Government Asks Money-Losing SriLankan Airlines To Launch New Routes To Europe

Filed Under: SriLankan

After losing hundreds of millions of dollars over the past several years, SriLankan Airlines has been working on shrinking their way into profitability, or at least has worked on minimizing losses.

Well, now Sri Lanka’s government is asking the airline to launch additional long haul routes.

Government requests additional Europe flight

Sri Lanka’s Tourism And Aviation State Minister has revealed that SriLankan Airlines has been requested to consider resuming flights to either Frankfurt, Germany, or Paris, France. Both of these routes were cut in late 2016. The government is even willing to subsidize these routes if need be… or so they say.

As the minister is quoted as saying:

“We have started discussions with the national carrier on the need to resume services to either Frankfurt in Germany and/or Paris in France. These are hubs for the rest of Europe, and direct flights will boost arrivals.”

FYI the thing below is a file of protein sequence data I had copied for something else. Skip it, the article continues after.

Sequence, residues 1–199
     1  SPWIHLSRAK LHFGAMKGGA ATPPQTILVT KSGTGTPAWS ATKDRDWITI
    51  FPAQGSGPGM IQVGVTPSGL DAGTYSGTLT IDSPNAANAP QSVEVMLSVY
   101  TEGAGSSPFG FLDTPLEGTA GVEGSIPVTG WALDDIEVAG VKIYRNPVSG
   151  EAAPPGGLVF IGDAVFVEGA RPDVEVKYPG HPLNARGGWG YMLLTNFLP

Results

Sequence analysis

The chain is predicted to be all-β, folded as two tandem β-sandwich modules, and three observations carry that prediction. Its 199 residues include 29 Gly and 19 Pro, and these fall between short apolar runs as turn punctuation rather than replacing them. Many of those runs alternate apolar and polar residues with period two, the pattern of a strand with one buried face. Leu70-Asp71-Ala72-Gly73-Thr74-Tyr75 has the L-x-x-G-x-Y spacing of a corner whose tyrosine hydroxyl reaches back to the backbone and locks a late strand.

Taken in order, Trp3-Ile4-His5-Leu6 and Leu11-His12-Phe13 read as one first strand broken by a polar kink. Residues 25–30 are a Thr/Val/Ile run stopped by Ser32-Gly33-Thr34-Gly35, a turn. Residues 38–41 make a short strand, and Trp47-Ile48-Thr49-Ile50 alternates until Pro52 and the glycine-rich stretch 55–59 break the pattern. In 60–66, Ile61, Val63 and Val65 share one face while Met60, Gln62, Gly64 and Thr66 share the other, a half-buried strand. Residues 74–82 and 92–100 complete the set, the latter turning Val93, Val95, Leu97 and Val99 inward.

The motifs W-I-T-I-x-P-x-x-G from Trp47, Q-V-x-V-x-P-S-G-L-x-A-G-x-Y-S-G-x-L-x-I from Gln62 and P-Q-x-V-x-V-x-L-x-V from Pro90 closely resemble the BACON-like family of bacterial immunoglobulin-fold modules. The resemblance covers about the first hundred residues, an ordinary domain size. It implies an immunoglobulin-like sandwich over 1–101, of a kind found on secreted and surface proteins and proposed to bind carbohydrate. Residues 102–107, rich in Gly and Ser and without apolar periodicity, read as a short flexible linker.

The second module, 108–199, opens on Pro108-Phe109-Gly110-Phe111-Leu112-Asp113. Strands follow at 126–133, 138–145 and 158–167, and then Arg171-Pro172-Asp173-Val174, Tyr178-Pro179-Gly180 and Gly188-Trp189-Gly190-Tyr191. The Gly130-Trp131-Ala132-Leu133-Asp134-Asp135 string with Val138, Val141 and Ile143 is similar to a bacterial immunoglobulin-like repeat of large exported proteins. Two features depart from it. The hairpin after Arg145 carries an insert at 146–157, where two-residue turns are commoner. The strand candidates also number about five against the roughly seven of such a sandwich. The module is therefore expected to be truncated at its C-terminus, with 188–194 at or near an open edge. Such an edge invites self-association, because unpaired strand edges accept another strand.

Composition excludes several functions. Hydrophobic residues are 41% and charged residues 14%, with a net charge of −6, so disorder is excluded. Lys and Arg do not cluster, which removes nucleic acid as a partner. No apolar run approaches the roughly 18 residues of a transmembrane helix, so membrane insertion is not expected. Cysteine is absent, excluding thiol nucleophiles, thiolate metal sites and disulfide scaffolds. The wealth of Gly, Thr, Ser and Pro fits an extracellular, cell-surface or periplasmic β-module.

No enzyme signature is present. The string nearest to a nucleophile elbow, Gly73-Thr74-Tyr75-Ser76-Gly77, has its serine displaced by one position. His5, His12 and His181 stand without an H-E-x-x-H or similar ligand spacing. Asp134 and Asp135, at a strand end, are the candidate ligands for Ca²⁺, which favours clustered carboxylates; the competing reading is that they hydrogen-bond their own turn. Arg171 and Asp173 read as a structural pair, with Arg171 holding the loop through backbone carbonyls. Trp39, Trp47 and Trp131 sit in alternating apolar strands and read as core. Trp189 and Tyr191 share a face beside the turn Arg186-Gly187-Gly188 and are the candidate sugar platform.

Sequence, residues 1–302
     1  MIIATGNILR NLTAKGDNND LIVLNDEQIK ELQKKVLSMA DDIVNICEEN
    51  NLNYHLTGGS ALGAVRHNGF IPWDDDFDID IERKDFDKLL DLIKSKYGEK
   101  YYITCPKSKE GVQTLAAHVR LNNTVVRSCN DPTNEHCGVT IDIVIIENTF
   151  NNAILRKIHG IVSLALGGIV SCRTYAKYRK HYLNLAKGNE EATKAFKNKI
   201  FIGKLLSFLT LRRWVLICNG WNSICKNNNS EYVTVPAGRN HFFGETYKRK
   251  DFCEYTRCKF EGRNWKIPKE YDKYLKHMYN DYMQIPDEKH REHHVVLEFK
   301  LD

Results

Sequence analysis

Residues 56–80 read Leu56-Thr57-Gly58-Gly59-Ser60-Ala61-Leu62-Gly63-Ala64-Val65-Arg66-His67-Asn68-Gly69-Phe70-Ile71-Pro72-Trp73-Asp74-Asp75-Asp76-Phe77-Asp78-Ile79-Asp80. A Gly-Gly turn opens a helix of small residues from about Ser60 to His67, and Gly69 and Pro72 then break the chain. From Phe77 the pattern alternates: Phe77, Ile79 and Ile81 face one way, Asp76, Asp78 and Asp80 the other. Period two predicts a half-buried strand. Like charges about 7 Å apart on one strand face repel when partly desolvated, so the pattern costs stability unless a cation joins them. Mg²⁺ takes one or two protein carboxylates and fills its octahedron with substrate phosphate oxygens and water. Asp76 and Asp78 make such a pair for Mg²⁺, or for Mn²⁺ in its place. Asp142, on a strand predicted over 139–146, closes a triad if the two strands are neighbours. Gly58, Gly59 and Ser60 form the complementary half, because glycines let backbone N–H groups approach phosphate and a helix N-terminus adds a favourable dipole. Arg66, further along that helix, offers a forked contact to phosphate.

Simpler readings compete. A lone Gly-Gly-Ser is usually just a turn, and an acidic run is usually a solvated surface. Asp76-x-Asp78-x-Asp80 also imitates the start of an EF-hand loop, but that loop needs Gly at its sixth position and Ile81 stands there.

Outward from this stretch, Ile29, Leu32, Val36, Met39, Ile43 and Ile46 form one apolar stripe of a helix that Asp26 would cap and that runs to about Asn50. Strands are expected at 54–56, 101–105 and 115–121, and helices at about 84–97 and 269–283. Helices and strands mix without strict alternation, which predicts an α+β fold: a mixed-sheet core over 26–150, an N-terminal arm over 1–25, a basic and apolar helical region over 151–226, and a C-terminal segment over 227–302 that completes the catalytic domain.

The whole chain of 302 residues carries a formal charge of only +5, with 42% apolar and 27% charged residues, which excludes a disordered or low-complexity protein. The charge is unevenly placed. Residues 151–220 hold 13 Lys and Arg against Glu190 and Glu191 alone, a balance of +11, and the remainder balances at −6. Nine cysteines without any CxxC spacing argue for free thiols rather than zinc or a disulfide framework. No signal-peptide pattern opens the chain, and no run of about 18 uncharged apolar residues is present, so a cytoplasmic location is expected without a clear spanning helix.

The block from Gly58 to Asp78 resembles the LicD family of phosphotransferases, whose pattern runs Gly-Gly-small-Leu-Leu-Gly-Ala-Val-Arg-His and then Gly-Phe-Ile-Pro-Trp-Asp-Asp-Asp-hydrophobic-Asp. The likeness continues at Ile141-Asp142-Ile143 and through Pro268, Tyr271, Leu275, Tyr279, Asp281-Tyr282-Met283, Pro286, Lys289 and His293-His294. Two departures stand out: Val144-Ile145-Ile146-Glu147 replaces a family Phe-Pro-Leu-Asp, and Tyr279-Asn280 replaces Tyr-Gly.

The government wants to attract seven million tourists and $10 billion in tourism earnings by 2025, compared to 2.3 million tourists and $4.4 billion in tourism earnings in 2018.

It’s even noted that a big tour operator out of France and Belgium said there would be increased demand if there were more direct flights. This tour company brings over 2,000 tourists each year to Sri Lanka, and hopes to double that number by 2021.

While that’s not insignificant, that’s also hardly the basis for a new route.

SriLankan Airlines still losing money

It goes without saying that SriLankan Airlines has had a tough year, given the terrorist attack in Sri Lanka last year.

Even prior to that, though, the company was reporting huge losses. For example, in the year ending March 2019, the company reported an operating loss of about 175 million USD.